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Tags: foreignrelations | taliban

The Sad State of Foreign Affairs

The Sad State of Foreign Affairs
Hundreds of people gather near a U.S. Air Force C-17 transport plane at the perimeter of the international airport in Kabul, Afghanistan. (AP/Shekib Rahmani)

Ada Fisher By Thursday, 26 August 2021 08:20 AM EDT Current | Bio | Archive

The seemingly hurried August withdrawal of U.S. troops from Afghanistan leaves many bewildered — all knew the presence of our military could not endure there forever.

Nonetheless, the scattered "helter skelter" exit raises severe questions about the wisdom of our leadership both now and in agreements previously made. It posits questions which must be asked before national leaders are again chosen.

Watching the people on the ground charge the first aircraft carrier leaving the Kabul airport scene hoping to get a safe flight out of Afghanistan was both tragic and telling. The passengers photographed showed an abundance of young males; but absent was our understanding of who was checking their credentials to ensure that a new crop of potential terrorists was not boarded.

The preparation for the reality of caring for refugees as well as immigrants has not been responsibly dealt with by the designated U.S. departments or among our allies. Watching those who grabbed onto the plane’s exterior falling from the sky was so reminiscent of those who jumped from New York’s Twin Towers on September 11, 2001.

Now that they are boarded, where are they to go? Check points in other nations will be met with caution and some resistance.

The absorption of many refuges throughout Europe had been previously greeted by violence and lawlessness due to failure of some cultural assimilation in regard to the treatment of women and adherence to religious and tribal customs which may be at odds with basic democratic laws and human rights.

Watching President Joseph Biden and Vice President Kamala Harris sends a chill down the spine of humanity, for it seems evident that much of what is needed operationally here and in other national ventures involving our security has not been well thought out.

We should all be dismayed at the abandoning of  Bagram Air Base along with equipment, planes and other sensitive strategic materials which will easily fall in enemy hands or competing nations such as China and Russia.

If we supposedly have the greatest military, pray tell why would we leave our superior weapons which can be used and reengineered against us? Mission Impossible directives should be inculcated into all such things with a self- destruct system.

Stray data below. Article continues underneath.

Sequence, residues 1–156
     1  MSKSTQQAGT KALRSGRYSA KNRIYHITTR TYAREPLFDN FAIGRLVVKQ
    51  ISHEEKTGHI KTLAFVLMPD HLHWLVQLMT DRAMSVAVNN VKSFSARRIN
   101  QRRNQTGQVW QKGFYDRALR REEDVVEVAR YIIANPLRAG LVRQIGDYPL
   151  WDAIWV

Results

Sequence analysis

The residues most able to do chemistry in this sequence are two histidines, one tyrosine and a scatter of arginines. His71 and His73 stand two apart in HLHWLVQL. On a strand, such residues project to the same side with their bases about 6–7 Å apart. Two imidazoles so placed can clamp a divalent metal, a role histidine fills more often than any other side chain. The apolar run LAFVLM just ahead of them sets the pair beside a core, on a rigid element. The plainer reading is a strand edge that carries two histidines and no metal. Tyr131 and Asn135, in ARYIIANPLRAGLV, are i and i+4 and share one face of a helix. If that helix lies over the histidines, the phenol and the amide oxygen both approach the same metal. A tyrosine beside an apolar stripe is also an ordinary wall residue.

How does this affect our relationships with Taiwan, South Korea and other parts of our protective arsenals, as well as other outposts?

Does this not undercut efforts to nation-build,appreciating that nations have their own sovereignty and identity which must be respected and dealt with rationally? If the forces of government cannot protect said government when the resistance comes, should we step in or what?

Reportedly Osama Bin Laden was given shelter by the Taliban rulers leading to a determined effort to diminish Afghanistan as a safe haven. The mantra of taking the fight to them so that they don’t come here to fight is being challenged.

Too many don’t appreciate the secondary gain of war: What’s in it for us and what does it cost to get it?

Afghanistan produces a large quantity of opium. Though Big Pharma may help fuel our addictions, so too has that nation.

The fight for a Green Revolution pushes electric cars and products which require Lithium found there is abundance. Our need to address our needs is also a part our national security which must be confronted.

Ada M. Fisher, MD, MPH is a former Medical Director in a Fortune 500 company, licensed teacher, retired physician, former county school board member, speaker, author of "Common Sense Conservative Prescriptions Good for What Ails Us Book 1" and was the NC Republican National Committeewoman (2008-2020). Read Dr. Ada M. Fisher's Reports — More Here.

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The seemingly hurried August withdrawal of U.S. troops from Afghanistan leaves many bewildered — all knew the presence of our military could not endure there forever.
foreignrelations, taliban
Thursday, 26 August 2021 08:20 AM
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